Princeton Dems Seek Greater Inclusivity After Successes in Recent Elections
By Donald Gilpin
The Princeton Community Democratic Organization (PCDO) has reduced its membership dues to $0 in seeking to attract new members and promote inclusivity.
“In short, we are stronger when we are inclusive, diverse, and unified,” wrote PCDO President Jo Butler in an email. In this unprecedented year, offering $0 dues is one way to invite you to come on in through our wide-open front door.”
In a phone call Monday, Butler highlighted the PCDO’s extensive programming over the past year and the push to get more people involved. “With Zoom or YouTube online we have the opportunity to expand the number of our participants, people who can appreciate our program,” she said. “We want to invite more people into the tent.”
The PCDO going forward is planning to cover expenses through contributions rather than dues. With virtual rather than in-person meetings for most of the year, the organization, which has a membership of more than 500, has been able to save money, and a number of people have made generous voluntary contributions. “I was nervous about this,” Butler said. “The numbers people were a little skeptical, but I think it’s going to work out. I’m happy for the organization.”
Adam Bierman, who ran for Princeton Council in 2019 but declined to participate in the PCDO endorsement process that March because of the dues requirement ($5 to $15), applauded the PCDO’s decision to abolish dues.
“The move is long overdue,” he said. “We were told by the county chair back when consolidation happened (2013) to decouple money from the PCDO endorsement vote. Pay for play is undemocratic.”
The PCDO, New Jersey’s largest and most active Democratic club, recently sponsored forums with Senator Cory Booker, Congresswoman Bonnie Watson Coleman, Assemblyman Andrew Zwicker, Mercer County Clerk Paula Sollami Covello, Princeton Mayor-Elect Mark Freda, Princeton Police Chief Nick Sutter, and representatives from the ACLU.
“For many years the PCDO has been at the forefront of promoting democratic ideals and inspiring political action, both of which are needed now more than ever,” said Butler. “As members you will have a place in the fight for Democratic values in our town, in New Jersey, and across the nation. Engage with political representatives and thought leaders on topics important to us all.”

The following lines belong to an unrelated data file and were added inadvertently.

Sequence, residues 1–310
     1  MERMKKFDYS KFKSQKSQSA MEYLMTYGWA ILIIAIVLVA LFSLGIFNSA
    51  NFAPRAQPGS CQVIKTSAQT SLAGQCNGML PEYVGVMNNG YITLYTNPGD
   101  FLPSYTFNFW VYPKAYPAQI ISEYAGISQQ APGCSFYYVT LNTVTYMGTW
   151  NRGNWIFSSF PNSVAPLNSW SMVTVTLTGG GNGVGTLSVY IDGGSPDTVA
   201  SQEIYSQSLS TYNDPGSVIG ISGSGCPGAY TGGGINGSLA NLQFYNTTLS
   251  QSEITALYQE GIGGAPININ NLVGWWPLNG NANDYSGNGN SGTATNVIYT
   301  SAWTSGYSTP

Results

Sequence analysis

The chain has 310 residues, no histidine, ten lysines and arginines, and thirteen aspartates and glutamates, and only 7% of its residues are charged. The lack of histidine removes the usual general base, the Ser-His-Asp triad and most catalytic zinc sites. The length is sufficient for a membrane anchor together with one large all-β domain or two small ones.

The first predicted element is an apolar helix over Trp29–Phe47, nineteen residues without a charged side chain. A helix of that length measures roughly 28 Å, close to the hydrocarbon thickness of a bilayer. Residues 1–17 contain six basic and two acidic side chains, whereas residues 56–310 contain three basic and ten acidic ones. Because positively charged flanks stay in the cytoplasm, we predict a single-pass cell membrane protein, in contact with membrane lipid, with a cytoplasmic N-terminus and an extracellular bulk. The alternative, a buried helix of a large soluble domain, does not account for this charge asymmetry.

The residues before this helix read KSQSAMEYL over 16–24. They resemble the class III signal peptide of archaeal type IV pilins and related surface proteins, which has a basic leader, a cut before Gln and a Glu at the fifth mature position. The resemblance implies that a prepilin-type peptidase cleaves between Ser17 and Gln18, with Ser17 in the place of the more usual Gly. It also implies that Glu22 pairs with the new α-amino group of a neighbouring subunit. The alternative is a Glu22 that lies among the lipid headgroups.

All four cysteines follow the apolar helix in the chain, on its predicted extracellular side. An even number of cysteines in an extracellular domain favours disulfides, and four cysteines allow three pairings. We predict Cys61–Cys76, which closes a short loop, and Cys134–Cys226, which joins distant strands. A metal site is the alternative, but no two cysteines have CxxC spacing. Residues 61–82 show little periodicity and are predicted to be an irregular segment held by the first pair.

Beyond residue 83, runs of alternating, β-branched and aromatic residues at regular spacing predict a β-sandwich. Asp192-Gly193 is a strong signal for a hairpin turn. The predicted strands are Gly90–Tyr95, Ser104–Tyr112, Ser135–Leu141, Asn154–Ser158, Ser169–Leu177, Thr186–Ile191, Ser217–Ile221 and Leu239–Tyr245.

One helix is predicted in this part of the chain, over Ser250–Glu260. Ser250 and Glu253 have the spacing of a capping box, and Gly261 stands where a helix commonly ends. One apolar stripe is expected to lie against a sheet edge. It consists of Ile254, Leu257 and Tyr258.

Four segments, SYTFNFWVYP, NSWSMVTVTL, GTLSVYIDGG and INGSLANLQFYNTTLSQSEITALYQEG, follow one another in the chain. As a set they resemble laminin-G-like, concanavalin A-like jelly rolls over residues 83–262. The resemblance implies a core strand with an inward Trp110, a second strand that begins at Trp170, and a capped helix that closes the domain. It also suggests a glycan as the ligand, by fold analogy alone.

Early in the 2020 election campaign, the PCDO decided to focus its efforts on the New Jersey “blue wave” and the Biden campaign, Butler noted. “We were delighted we were able to support the efforts of Congressional candidates Andy Kim, Tom Malinowski, and Mickie Sherrill in central New Jersey,” she said. “We also did some phone banking to Ohio and North Carolina.”
The PCDO also weighed in in the battleground state of Georgia. “We supported a couple of organizations in Georgia, including Stacey Abrams’ organization, leading up to the November election,” Butler added. “We also contributed to both Democratic campaigns in the run-off elections.”
Butler pointed out three priorities for the PCDO going forward: to support the Biden-Harris administration; to help disseminate information locally about the pandemic and vaccinations; and to prepare for upcoming elections, including Princeton Council, where two seats will be up for grabs later this year.
Butler emphasized the PCDO’s important function of informing the public in Princeton. “We can help tell people what they need to do to get vaccinated,” she said. “We can’t get back to normalcy until we get the pandemic under control. I hope we can use our distribution list to help get the word out.”
She continued, “People who are involved in the Democratic organization are often looked to in their neighborhoods, in their circle of friends, as people who are connected, involved and paying attention, and they are.”
The PCDO endorsement meeting is coming up in March, when members will vote on which candidates to endorse and which to support in this year’s June primary race for Princeton Council and other elections.
“We want to encourage people to consider public service,” said Butler. “It’s a great time to get involved. There will be a host of issues, and it could be a good, productive time to be involved.”
Butler became PCDO president last summer when former president Jean Durbin stepped down to begin her run for the Princeton Board of Education. Afsheen Shamsi, a member of the PCDO executive board and also a member of the Princeton Human Services Commission and the Princeton Civil Rights Commission, will become the new PCDO president at the PCDO January 24 meeting.
For more information visit the PCDO website at www.princetondems.org.